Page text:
After studying infectious disease, epidemiologists like Helen Jenkins of Boston University and Bill Hanage of Harvard, who are married, generally go two ways. “Either they become completely and totally aware of the infection,” Dr. Hanage said, “or they’re the type of person who drops toast and picks it up, wipes it and eats it.” “We would be mostly in the second category, but that pushed us quite visibly into the first category,” he continued, adding, “when the facts change, I update my priorities” – a statistician’s term for what we believe and expect. (Robert, 03/19 /)

The Washington Post: Coronavirus Projections: What Will America Look Like In The Coming Months?

Experts across the country have produced model after model – bringing together all the tools of math, medicine, science and history – to try and predict the coming chaos unleashed by the novel coronavirus and to prepare. powering truth: What happens next is largely up to us – our government, our politicians, our healthcare facilities and, in particular, 328 million people in this country – all making small decisions every day with disproportionate consequences for our collective future. (Wan, Achenbach, Johnson and Guarino, 3/19)

ABC News: Coronavirus turns nation upside down as lives of three in four Americans changed by pandemic: SURVEY

As a worsening public health crisis shakes the country, a new ABC News / Ipsos poll released on Friday shows a picture of a country that is far different from that of just a week ago, when nearly three In four Americans now say their lives have been turned upside down in one way or another. by the new coronavirus and President Donald Trump’s approval for his handling of the epidemic is on the rise. In the new poll, 55% of Americans approve of the president’s handling of the crisis, compared to 43% who disapprove. Trump’s approval on this issue is up from last week, when the numbers were nearly reversed. (Karson, 3/20)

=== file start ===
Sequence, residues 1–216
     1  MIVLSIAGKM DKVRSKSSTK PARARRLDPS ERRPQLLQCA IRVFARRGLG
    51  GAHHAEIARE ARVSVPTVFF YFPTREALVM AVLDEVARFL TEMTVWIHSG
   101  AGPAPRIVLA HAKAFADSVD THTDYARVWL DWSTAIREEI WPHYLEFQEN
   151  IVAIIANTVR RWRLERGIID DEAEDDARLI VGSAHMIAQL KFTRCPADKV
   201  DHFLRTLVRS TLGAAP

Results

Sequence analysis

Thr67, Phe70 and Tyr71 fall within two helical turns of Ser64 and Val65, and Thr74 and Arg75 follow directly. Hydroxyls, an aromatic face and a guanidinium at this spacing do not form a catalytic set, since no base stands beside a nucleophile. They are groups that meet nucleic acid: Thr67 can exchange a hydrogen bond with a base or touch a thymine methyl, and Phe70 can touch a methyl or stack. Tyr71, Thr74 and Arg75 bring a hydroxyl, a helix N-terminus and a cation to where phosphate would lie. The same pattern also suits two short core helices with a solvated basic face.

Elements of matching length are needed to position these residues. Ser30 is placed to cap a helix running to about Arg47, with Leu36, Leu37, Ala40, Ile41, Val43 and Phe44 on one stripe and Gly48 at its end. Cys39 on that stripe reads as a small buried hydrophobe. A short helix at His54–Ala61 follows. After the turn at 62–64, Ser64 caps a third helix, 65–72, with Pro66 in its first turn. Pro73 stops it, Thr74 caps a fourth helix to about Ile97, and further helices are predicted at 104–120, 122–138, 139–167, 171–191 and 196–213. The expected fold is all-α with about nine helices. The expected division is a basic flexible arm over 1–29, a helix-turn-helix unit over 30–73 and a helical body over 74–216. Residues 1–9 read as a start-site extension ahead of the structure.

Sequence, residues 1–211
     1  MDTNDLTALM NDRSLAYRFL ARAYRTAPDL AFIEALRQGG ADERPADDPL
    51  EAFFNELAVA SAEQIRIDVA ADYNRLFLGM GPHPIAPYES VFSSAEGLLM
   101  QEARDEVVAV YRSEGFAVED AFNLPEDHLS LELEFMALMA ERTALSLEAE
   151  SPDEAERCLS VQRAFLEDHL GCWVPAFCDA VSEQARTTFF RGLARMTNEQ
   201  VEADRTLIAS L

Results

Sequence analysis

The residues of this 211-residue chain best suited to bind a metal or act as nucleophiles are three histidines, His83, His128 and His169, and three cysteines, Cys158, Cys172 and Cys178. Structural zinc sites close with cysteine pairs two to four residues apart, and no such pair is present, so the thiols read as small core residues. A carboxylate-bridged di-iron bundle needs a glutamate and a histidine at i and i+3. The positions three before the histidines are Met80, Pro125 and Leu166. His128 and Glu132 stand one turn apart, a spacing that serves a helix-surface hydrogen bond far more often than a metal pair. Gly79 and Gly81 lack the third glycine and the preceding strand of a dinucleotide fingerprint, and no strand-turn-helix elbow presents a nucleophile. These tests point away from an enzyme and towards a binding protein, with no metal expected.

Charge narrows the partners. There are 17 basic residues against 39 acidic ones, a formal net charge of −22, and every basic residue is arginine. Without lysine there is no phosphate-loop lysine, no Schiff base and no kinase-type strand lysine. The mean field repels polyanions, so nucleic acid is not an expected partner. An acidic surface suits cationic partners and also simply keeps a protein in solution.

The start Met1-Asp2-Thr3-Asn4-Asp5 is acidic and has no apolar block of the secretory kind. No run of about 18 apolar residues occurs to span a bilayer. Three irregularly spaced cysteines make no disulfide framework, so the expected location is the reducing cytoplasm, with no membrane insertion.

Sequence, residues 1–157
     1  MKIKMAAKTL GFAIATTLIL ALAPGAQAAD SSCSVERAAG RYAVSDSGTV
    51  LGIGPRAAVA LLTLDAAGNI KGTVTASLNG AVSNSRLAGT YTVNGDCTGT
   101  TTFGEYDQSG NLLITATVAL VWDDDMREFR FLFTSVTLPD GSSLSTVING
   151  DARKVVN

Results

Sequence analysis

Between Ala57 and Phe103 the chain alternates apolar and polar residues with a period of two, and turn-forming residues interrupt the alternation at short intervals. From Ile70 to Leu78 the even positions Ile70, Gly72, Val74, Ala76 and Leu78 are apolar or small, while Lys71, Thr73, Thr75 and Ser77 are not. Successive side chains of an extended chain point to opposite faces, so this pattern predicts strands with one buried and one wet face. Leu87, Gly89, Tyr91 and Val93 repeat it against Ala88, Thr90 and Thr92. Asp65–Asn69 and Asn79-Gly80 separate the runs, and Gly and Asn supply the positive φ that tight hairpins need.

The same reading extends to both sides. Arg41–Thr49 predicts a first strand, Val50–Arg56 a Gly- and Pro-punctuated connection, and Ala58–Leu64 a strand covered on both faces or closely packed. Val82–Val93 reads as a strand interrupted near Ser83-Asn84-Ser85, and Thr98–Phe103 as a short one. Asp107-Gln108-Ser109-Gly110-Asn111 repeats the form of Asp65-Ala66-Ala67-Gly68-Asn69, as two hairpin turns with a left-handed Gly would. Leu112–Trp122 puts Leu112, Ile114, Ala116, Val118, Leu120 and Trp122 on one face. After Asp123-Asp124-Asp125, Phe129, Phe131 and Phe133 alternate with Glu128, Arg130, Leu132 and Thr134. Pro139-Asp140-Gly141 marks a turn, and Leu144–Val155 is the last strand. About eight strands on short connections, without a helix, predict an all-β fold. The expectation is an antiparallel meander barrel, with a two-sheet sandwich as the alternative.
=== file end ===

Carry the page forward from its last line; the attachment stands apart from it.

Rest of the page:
ABC News: Coronavirus Isolation of Families Raises Concerns Over Domestic Violence

As schools across the country close and employees are encouraged to work from home to prevent the spread of the novel coronavirus, some experts worry about an increase in domestic violence … “But in this time of year Particularly, with COVID-19, the home can be quite intense for victims and survivors of domestic violence, due to the abusers’ ability to control more, ”said Ruth Glenn, President and CEO of the National Coalition Against Domestic Violence (NCADV). (Carrega, 3/20)